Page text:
How Delbert McClinton Ignored the Rules for His New Album ‘Tall, Dark & Handsome’

Delbert McClinton describes his latest album Tall, Dark & Handsome, out July 26th, as “kind of a salute to Texas blues, the music I grew up on.” With respect to the always-succinct McClinton, it’s much more than that. As with his 2017 effort Prick of the Litter, the singer/songwriter/harmonica wizard shifts deftly between styles, smoothly segueing from straight-up blues to swing, country and jazz with the confidence of a master. It’s not a stretch to say that McClinton, at age 78, is making the best music of his career.

McClinton can attribute his current level of productivity to a couple of factors, namely his record label, Hot Shot Records/Thirty Tigers, along with his working band of stellar musicians, the Self Made Men + Dana. “We have no restraints in making the music we want to make,” McClinton says. “I can pretty much do anything I want to. That’s a key factor in being creative. You get to be soaked in what you’re doing. Nothing is off limits for me, and that’s the best feeling in the world.”

Tall, Dark & Handsome again showcases McClinton’s band the Self Made Men + Dana, named for their six male musicians and the female sax player Dana Robbins. Like their frontman, the members are comfortable working in different modes. Robbins, for instance, wails on an extended sax solo on “Mr. Smith,” while a jazzy fiddle puts the swing in “No Chicken on the Bone,” infusing the tracks with juicy licks not especially prevalent in contemporary recordings. “Music now is just so boring to me,” McClinton says. “It’s so hard to find something new that I like. That’s why I love this band. We’ve had so much success in making music together.”

That’s particularly high praise from an artist who’s maintained a presence in recorded music more than 50 years. McClinton quickly etched his name in musical history for giving Beatle John Lennon a few pointers on the harmonica when he toured overseas with singer Bruce Channel in the early 1960s. Since then, McClinton has scored three Grammy awards, released a slew of albums and recorded with Bonnie Raitt, Tanya Tucker and others. He’s often referenced as a pioneer in the Americana roots movement and the resurgence of interest in Texas blues.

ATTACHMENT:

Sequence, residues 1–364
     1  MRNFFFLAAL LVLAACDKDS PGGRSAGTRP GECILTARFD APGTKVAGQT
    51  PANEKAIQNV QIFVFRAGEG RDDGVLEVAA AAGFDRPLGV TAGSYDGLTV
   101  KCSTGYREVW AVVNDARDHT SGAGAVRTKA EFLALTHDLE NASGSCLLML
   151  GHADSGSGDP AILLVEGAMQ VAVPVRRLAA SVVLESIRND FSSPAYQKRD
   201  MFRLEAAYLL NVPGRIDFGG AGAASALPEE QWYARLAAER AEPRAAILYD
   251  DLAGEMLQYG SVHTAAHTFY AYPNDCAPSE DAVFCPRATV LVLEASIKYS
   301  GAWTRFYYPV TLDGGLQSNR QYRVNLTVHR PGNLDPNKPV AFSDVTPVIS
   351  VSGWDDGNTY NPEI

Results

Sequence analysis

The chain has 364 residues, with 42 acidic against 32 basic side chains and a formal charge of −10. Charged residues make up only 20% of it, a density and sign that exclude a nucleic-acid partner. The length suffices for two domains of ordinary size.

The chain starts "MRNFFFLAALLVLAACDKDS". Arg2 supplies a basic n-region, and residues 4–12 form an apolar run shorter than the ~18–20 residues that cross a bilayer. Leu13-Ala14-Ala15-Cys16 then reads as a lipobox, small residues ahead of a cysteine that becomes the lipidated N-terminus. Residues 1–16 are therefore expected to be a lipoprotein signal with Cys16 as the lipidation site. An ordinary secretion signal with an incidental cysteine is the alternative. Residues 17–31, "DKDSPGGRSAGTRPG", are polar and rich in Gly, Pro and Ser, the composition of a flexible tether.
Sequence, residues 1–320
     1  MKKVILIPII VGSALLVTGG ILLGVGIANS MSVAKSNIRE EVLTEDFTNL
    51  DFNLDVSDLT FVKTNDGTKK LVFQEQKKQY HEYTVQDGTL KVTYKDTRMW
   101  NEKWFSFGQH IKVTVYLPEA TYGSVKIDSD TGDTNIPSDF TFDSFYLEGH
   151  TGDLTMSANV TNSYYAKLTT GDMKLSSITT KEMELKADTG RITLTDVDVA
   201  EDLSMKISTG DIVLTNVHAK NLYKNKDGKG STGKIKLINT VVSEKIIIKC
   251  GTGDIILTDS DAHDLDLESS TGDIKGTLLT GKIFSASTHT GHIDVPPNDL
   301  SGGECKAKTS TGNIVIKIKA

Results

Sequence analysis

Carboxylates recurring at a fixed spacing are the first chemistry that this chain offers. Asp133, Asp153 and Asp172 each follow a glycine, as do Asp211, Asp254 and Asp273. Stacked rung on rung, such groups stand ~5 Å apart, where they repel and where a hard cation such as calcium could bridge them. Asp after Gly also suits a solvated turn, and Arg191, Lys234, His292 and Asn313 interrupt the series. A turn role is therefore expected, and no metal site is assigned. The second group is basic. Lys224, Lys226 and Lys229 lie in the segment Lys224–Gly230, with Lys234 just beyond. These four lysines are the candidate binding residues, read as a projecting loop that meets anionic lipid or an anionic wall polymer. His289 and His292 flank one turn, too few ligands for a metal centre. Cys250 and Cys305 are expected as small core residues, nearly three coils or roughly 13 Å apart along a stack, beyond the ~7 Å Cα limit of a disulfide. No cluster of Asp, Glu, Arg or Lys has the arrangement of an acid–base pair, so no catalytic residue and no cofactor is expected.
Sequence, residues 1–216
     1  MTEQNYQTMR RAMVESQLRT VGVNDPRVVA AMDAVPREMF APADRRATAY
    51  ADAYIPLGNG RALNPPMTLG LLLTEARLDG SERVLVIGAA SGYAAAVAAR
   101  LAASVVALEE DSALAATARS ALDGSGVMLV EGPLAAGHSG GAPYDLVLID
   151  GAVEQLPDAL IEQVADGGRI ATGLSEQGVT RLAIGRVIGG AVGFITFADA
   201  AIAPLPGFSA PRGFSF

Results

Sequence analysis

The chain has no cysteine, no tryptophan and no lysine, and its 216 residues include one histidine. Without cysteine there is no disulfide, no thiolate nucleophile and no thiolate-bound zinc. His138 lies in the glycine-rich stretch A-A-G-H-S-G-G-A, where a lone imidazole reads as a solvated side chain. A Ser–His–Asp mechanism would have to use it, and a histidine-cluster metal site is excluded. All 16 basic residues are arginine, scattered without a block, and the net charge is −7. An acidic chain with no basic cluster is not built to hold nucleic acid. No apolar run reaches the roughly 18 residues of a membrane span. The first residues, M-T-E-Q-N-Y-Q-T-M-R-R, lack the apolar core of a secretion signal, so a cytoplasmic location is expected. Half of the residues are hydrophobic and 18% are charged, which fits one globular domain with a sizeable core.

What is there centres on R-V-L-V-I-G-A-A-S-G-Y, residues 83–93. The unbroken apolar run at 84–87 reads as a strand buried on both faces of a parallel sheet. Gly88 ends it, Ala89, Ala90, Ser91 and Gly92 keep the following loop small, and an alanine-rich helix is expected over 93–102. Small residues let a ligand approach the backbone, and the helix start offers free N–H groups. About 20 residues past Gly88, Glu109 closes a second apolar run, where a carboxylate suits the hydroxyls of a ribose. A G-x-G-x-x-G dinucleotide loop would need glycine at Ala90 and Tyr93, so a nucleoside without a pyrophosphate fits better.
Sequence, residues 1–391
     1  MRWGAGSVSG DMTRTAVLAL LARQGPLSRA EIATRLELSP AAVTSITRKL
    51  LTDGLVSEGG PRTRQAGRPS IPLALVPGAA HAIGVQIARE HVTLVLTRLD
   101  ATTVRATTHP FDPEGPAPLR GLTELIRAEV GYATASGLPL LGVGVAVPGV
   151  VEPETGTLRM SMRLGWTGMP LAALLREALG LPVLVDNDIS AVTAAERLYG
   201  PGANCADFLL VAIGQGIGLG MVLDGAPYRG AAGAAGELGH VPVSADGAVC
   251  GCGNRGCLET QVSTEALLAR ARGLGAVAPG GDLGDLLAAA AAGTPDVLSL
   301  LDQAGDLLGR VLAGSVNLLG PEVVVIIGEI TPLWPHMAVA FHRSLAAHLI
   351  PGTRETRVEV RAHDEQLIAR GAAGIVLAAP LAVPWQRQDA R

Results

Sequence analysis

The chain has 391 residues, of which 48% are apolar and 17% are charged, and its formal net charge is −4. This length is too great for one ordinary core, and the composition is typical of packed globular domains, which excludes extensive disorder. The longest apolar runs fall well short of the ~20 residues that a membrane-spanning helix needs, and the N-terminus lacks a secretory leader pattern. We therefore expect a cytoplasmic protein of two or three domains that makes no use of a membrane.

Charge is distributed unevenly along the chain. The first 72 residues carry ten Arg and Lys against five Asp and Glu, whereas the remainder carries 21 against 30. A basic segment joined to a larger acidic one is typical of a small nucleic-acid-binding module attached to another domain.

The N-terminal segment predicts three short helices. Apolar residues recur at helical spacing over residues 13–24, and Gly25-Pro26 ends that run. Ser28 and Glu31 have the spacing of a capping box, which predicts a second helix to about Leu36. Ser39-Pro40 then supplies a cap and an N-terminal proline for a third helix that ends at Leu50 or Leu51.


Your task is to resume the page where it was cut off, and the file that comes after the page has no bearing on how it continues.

Whether you prefer to call it a second wind or a second act, this is prolific time for McClinton. He wrote or co-wrote all 14 selections on Tall, Dark & Handsome, ranging from the bluesy lead single “If I Hock My Guitar” to the jazzy “Lulu” and the leadoff track — the jaunty, big-band blues shuffle “Mr. Smith,” based on a real-life acquaintance. Amazingly, his familiar raspy voice has only grown more expressive and versatile with time.

“On ‘Lulu,’ I was kind of thinking of Mose Allison,” McClinton explains. “When I was phrasing it, he was the one who came to mind for me. The song is slow and hypnotic, and it was so much fun to sing.” The sly playfulness is easily detected as McClinton delivers the key line, “I don’t care where you go/but you can’t stay here.”

Elsewhere, McClinton describes the track “Ruby and Jules” as having, “This ‘Pink Panther’ vibe to it. I wanted it to sound like that theme music.” The second single from the album, “Gone to Mexico,” sways to blaring horns and a Latin rhythm, and you’d practically swear that you’ve been transported to a club in Mexico City or some other romantic getaway. “I’ve got a place in Mexico, and we’ve been going down there a lot and making stuff up,” he says, with a laugh. On “Any Other Way,” McClinton adopts a sardonic, Randy Newman-esque tone, lending yet another dimension to his voice.

Like many of his peers, McClinton finds himself still in demand and with a busier calendar than he had three decades ago. “I remember several years back, when I was talking with this girl I went to high school with,” McClinton recounts. “She said, ‘Are you still going to be doing this in your 60s?’ I guess I’ve gone past that. But this is the best time of my life for me now.”

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